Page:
There are so many great comedy and improv shows on this week and whilst a lot of them are based around the theme of valentines Day or love, there are some that are completely different and ready to make you laugh your socks off. In Cambridge Stealing The Show Improv are performing at The Boathouse in Cambridge on the 25th all around the concept of a Heist. I caught up with the guys to find out all about it.
Hello Guys! Tell us about Stealing The Show Improv you all are and a little bit about yourselves?
We are Hugh, David, Sean and Mike and together we are Stealing The Show. STS is a long form narrative improv comedy show. In english, STS is an hour long show in which we pull off an “Oceans 11 style” heist, all based off audience suggestions. We’re a Cambridge based troupe formed in May 2017.
We all live in Cambridge, Sean has been improvising for about 5 years and started in Germany after a friend invited him to a show, where they announced a taster drop-in and classes which he quickly signed up for, and hasn’t stopped since. Mike started taking improv classes in Cambridge in January 2015 and has been regularly working with other Cambridge improvers ever since, David started out with the Oxford Imps before moving to Cambridge in 2014 and performing with Paper Planes. Hugh moved to Cambridge after getting into short form with The Shrimps in Sheffield, then cocreating Scriptless In Seattle with Rachel Thorn and Alex Keen of Crime Scene Impro (Rachel) and Between Us (Rachel and Alex).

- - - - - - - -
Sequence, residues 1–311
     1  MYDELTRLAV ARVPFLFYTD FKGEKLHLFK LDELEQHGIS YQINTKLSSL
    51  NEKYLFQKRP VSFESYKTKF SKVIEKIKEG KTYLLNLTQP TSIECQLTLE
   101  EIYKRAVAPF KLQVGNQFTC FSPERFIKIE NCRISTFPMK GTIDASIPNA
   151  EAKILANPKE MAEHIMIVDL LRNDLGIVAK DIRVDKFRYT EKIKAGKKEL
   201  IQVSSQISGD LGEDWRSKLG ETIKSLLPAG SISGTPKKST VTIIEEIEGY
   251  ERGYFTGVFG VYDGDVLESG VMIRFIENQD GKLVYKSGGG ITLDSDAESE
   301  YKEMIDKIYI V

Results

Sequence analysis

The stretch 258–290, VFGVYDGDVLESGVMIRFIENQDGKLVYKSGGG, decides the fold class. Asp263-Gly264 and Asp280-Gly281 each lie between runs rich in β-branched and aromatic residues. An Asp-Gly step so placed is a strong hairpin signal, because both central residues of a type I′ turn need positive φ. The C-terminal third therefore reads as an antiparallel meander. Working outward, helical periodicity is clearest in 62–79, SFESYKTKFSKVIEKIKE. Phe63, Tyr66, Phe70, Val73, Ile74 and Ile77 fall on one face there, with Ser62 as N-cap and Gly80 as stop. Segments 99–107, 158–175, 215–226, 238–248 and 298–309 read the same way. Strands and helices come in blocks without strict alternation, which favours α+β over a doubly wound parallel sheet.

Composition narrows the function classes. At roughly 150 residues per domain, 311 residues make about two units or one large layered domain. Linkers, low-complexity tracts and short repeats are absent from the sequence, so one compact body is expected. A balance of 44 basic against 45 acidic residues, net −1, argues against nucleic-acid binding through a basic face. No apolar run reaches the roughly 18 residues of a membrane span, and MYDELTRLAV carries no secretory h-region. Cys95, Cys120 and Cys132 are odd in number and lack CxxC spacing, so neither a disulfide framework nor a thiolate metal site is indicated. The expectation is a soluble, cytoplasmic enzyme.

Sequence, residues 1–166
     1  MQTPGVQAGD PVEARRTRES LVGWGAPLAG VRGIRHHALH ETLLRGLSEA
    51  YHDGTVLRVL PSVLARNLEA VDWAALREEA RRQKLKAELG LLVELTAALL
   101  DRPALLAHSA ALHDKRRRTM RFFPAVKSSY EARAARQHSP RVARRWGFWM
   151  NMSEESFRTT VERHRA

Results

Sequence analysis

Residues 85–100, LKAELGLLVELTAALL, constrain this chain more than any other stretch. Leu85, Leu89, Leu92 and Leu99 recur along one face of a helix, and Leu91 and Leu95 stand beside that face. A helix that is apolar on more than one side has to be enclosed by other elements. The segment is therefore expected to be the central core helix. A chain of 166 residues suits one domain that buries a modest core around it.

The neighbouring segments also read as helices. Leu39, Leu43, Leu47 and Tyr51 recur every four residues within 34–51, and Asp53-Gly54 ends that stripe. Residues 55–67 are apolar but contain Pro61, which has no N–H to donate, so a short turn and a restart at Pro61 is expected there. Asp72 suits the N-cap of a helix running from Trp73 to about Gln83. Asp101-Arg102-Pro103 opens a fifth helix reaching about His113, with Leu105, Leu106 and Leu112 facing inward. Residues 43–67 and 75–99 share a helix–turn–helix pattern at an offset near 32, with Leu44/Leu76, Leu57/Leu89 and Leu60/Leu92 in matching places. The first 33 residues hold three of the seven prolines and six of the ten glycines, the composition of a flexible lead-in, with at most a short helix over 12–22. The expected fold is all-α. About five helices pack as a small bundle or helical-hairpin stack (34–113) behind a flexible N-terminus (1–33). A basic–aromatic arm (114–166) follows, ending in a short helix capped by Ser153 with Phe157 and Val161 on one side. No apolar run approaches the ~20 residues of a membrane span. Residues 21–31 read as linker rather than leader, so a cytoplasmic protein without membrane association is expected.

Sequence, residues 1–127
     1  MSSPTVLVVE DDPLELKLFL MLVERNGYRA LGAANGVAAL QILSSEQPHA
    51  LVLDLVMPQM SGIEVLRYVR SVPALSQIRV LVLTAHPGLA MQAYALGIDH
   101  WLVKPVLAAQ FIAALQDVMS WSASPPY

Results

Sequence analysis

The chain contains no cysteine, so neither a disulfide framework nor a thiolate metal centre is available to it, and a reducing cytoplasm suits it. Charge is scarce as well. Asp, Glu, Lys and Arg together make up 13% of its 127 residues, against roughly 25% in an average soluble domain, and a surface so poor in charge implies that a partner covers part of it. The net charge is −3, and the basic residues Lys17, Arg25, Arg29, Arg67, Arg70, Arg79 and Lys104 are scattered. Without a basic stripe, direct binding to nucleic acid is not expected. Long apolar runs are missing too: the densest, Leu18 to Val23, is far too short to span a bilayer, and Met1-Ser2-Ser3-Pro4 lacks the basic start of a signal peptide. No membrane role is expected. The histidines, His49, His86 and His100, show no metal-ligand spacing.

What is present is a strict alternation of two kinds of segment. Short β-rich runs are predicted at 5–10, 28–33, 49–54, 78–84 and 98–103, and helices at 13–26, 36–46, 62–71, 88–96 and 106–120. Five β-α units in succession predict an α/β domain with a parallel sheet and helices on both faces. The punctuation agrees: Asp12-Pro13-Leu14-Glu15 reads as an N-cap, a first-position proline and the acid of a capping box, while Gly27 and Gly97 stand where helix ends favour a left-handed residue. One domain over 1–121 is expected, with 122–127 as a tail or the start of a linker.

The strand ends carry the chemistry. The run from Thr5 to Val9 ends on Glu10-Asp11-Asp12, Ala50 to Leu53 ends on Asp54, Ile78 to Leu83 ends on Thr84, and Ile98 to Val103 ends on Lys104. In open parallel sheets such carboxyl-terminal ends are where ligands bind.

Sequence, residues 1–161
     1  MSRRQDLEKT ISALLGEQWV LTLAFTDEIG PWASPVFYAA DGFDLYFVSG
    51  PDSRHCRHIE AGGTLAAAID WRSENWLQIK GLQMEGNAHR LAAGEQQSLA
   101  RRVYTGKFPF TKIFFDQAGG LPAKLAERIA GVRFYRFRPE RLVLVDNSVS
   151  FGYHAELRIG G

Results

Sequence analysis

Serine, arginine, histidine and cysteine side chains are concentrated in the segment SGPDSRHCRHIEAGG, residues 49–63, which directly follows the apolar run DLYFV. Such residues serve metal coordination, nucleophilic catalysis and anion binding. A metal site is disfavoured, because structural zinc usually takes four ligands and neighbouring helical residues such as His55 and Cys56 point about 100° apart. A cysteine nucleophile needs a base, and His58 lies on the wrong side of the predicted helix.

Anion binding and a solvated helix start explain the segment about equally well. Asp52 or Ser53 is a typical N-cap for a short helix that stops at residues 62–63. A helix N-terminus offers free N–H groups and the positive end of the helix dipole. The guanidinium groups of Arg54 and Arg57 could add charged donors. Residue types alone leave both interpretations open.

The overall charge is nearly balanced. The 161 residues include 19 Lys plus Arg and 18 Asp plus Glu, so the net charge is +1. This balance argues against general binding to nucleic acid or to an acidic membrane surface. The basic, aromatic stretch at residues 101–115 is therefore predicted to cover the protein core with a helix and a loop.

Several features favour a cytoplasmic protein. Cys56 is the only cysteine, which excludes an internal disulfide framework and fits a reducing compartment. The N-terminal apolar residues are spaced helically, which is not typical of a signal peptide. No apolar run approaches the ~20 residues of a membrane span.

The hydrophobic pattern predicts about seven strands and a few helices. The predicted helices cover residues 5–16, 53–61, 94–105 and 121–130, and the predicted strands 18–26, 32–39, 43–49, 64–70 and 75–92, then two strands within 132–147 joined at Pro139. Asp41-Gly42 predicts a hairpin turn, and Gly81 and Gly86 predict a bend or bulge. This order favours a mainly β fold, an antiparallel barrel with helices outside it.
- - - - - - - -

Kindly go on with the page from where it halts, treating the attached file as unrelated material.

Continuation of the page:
How did you come up with the name of you troupe?
Hugh: As far as I can remember, we settled on Stealing The Show quite early. I know that we were definitely trying to avoid the trope of putting the word improv in the name, we felt that the show should stand on its own as an hour of entertainment and not just be impressive because it’s improvised. Our main point of contention was whether it should have a colon; Stealing: The Show. I was super pro-colon but I think I said it with the pause one too many times in rehearsals and we all agreed it should be one continuous phrase.
David: We had a group discussion on our facebook group, and ‘Stealing the Show’ was the least embarrassing title to emerge. Discarded ideas included ‘Heist Aches’ and ‘Super Funny Theftaganza’.
Sean: Well what happened there was, they’d been playing together for a while. Then they asked me to join the cast and said, this is what the group’s called.
Mike: We kicked around a few ideas but this one was my favourite. I can’t remember where I stood on the colon issue.
Tell us a little bit about the show you are performing on the 15th February?
Our show on the 15th will be our second show for a live audience. We’ve been together since May but because Hugh’s a Muppet it took us ages to get the show on stage, but once we did we packed the venue out and everyone had a great time, us included! So the show in February is going to be more of the same. It’s upstairs at The Boathouse pub on Milton Road in Cambridge.